You know, I never thought about that until you brought it up. It wasn't consciously intentional but it does fit the themes I was going for. As usual, my muse is smarter than I am (thank God).
The Stolen Twin contains a lot of red herrings. How hard is it to keep readers from guessing the resolution before they get to the end?
I've always liked complicated stories and when I was writing The Stolen Twin, I remember being surprised it was easier than I expected to balance all those story lines and red herrings. But yeah, you definitely have to think outside the box to stay in front of your readers and not have them guess the ending too quickly.
Kit is a character with a lot of flaws. What appeals to you about using a flawed protagonist to tell your story?
I personally get a little bored with perfect characters who don't have flaws, plus I don't find them terribly relatable. Everyone has flaws — I certainly have a lot of them, and it's weird (for me) to be reading about a character who doesn’t.
It's funny you ask this because while yes I knew I was creating a character with flaws, I didn't expect her to be quite so polarizing -- people either love her or hate her. On the other hand, that's when a character is memorable. If there's any advice I would share with budding authors is don't be afraid of the hate. Hate means passion -- and if you don't have passion, you've probably created a really boring character.
Do you find writing fiction harder or easier than doing copywriting?
They both have their pluses and minuses. While I can certainly get lost in a story easier than writing copy, I can also get more frustrated that the novel doesn't match my vision. Plus, it's feels way more personal to put a work of fiction out into the world. Writing copy is a lot simpler -- no angst or wanting to pull my hair out if it's not going well. Sometimes it's nice to write something I'm not so emotionally attached to.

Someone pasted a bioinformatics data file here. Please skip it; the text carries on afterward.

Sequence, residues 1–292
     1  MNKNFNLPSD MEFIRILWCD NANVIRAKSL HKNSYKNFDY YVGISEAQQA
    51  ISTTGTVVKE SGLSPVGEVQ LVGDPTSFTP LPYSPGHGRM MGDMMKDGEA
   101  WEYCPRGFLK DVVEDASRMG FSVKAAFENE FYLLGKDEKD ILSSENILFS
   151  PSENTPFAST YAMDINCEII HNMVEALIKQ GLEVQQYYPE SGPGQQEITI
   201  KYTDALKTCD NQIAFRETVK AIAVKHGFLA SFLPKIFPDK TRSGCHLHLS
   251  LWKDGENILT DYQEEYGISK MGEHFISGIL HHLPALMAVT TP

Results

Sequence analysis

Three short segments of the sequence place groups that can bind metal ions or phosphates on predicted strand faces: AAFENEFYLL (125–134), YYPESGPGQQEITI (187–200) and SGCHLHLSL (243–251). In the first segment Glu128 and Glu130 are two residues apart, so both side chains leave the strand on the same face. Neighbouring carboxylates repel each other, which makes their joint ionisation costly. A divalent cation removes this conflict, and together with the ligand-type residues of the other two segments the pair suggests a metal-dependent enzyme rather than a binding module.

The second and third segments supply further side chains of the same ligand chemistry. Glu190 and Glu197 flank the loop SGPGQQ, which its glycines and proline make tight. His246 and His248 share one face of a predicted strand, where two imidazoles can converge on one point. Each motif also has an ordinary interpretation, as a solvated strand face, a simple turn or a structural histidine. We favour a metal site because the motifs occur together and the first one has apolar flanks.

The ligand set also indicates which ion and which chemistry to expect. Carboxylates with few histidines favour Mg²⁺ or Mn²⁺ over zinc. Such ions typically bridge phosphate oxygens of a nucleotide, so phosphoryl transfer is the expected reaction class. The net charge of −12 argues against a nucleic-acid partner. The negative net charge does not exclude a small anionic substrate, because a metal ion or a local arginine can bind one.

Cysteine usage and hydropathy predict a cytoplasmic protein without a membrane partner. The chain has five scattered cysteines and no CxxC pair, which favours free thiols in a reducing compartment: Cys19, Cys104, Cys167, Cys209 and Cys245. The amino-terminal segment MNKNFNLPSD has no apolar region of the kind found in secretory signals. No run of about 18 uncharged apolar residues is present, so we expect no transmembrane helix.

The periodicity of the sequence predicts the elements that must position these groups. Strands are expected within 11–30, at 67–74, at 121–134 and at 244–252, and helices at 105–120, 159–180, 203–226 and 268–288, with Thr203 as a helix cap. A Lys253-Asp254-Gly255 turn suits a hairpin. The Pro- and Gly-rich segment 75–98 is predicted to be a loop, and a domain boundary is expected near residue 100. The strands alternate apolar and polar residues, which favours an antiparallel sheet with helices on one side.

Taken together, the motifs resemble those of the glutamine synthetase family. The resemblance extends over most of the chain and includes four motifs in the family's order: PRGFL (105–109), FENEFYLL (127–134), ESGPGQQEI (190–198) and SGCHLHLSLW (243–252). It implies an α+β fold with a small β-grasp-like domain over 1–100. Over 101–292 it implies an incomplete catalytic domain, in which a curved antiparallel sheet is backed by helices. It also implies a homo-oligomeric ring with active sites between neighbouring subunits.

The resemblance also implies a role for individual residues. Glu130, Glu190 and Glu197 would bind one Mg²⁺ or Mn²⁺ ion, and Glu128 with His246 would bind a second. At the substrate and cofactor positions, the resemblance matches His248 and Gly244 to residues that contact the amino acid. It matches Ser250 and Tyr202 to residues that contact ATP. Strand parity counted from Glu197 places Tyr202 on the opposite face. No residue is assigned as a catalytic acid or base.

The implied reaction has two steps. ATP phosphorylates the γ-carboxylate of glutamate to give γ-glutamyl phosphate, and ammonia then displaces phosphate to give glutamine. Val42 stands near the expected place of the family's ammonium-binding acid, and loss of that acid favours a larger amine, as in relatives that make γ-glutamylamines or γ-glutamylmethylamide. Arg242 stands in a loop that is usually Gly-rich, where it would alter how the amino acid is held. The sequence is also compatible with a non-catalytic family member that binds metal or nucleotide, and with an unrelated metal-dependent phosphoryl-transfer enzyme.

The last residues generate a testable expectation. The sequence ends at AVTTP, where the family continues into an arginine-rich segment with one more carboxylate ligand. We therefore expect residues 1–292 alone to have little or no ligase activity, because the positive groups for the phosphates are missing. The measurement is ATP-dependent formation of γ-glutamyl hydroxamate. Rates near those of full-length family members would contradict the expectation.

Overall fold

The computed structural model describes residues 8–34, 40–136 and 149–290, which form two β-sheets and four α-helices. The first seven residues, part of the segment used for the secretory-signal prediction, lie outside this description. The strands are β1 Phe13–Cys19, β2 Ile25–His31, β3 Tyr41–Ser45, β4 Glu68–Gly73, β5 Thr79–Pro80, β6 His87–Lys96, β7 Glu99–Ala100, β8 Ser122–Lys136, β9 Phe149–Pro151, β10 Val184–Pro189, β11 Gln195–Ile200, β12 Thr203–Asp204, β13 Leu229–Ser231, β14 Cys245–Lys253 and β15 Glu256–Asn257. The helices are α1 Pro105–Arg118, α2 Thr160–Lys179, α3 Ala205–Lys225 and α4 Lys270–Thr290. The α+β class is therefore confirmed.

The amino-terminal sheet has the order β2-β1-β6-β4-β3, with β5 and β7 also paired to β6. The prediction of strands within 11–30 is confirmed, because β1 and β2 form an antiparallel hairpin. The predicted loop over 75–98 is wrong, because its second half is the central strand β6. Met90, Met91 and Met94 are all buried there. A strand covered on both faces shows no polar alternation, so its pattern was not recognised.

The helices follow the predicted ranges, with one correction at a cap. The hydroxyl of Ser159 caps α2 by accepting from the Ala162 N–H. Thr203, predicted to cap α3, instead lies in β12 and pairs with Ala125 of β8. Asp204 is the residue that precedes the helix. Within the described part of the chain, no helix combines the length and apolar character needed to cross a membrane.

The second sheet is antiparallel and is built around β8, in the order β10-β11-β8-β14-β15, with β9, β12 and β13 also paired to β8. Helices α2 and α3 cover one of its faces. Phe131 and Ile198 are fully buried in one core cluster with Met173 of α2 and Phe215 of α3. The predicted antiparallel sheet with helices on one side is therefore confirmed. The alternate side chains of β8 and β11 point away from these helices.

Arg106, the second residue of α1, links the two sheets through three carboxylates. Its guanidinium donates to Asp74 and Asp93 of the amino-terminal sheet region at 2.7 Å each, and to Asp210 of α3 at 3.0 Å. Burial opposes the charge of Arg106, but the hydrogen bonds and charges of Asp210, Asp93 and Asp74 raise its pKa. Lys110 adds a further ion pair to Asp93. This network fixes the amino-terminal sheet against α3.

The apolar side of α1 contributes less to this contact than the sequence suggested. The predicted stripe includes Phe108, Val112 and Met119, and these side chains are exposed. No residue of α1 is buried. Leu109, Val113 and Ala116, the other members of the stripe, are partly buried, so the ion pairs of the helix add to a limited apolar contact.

Which character in this book did you find the hardest to create?
Creating characters is pretty easy for me and in this book, all the characters pretty much wrote themselves. I try and step back and let the characters talk to me and tell me their stories and how they want to be seen. If I let them drive the bus (so to speak) it's amazing how effortlessly it all comes together.
Tell us a bit about your writing habits - do you have a favorite writing spot? Do you stick to deadlines?
I am VERY deadline driven -- which is probably why I've been able to build a successful copywriting business, so giving myself hard deadlines is always a smart move. I do have an office set up and I've arranged it to make it as fun for my muse as possible -- I have toys, stuffed animals (yes, I realize I'm a grown, adult woman) candles, beta fish and inspiring books. Regardless of what writing project I'm working on, I want it to be as inspiring to my muse as possible.
What are you working on right now?
I'm working on my very first 3 book series! I'm pretty stoked about this -- it IS still in the psychological thriller/suspense/mystery genre but I've figured out a different way to create a series than what you normally see. It started out as a haunted house story (but is it really a haunted house?) and then I realized the main story thread ran a lot deeper than just a house. It's actually a town full of secrets. First book will be out in 2017. Woot!
Where can our readers interact with you or discover more of your work?
My fiction writing website is MicheleParizaWacek.com, which has a lot of links to my social networking sites. I love hearing from my readers so most definitely reach out and say hi!